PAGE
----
A Landlords Guide

I have searched every where for a landlords guide to the Equality Act 2010 and surprisingly there is nothing available so I will give it a go here. In particular, the most common duty under the Act for landlords will be in relation to adapting premises for disabled persons.

Background

The Equality Act 2010 primarily took effect on 1 October 2010 and it consolidates and replaces acts and regulations relating to discrimination for protected characteristics.

Protect Characteristics

The protected characteristics are:

  • age;
  • disability;
  • gender reassignment;
  • marriage and civil partnership;
  • pregnancy and maternity;
  • race;
  • religion or belief;
  • sex;
  • sexual orientation.

[s.4 Equality Act 2010]

Direct Discrimination

A person (A) discriminates against another (B) if, because of a protected characteristic, A treats B less favourably than A treats or would treat others.

If the protected characteristic is age, A does not discriminate against B if A can show A’s treatment of B to be a proportionate means of achieving a legitimate aim.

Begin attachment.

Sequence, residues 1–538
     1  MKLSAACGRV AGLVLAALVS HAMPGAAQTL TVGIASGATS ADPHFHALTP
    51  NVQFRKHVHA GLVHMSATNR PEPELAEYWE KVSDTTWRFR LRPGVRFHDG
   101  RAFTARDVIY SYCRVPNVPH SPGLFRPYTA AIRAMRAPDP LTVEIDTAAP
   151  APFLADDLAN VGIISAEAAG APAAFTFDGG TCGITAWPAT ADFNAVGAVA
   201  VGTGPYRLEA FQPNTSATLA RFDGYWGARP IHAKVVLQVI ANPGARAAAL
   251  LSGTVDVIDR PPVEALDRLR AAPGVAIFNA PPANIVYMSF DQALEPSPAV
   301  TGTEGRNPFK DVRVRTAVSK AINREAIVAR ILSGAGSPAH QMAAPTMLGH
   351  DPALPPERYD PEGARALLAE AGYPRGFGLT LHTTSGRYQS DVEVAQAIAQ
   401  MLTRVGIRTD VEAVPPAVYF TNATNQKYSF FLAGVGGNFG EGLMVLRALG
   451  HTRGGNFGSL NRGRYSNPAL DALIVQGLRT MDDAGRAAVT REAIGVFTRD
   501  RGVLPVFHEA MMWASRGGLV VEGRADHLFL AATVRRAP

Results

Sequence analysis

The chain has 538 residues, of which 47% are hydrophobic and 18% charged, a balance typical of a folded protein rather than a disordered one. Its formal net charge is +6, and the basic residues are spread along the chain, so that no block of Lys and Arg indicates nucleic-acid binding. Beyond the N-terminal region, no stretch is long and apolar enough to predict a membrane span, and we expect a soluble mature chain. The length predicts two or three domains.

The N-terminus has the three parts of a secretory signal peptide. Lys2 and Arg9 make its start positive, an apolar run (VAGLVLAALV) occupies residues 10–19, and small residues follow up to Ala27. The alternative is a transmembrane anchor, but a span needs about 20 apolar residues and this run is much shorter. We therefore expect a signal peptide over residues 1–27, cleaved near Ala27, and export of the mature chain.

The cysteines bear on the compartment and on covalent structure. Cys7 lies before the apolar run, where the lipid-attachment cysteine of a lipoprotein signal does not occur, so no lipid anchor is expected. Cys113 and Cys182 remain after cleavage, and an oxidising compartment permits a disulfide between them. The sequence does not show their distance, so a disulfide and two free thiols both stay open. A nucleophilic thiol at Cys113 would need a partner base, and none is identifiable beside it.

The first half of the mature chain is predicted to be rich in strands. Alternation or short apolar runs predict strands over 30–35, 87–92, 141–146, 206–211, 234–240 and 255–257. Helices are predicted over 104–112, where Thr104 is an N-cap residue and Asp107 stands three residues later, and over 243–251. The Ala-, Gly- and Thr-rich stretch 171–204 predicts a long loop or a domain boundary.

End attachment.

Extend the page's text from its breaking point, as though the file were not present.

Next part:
If the protected characteristic is disability, and B is not a disabled person, A does not discriminate against B only because A treats or would treat disabled persons more favourably than A treats B.

If the protected characteristic is race, less favourable treatment includes segregating B from others.

[s.13 Equality Act 2010]

Discrimination arising from disability

A person (A) discriminates against a disabled person (B) if—

A treats B unfavourably because of something arising in consequence of B’s disability, and A cannot show that the treatment is a proportionate means of achieving a legitimate aim.

This does not apply if A shows that A did not know, and could not reasonably have been expected to know, that B had the disability.

[s.15 Equality Act 2010]

Adjustments

For the purposes of this article I will split the duty to make adjustments into three categories, namely:

  • Adjustments to the services a landlord (or agent) offers including adjustments to lettings literature and tenancy agreements

  • Structural alterations to office premises in connection with letting

  • Structural adjustments to the tenancy property itself including physical adjustments such as ramps or stair lifts for example

Adjustments to the service including literature and tenancy agreements

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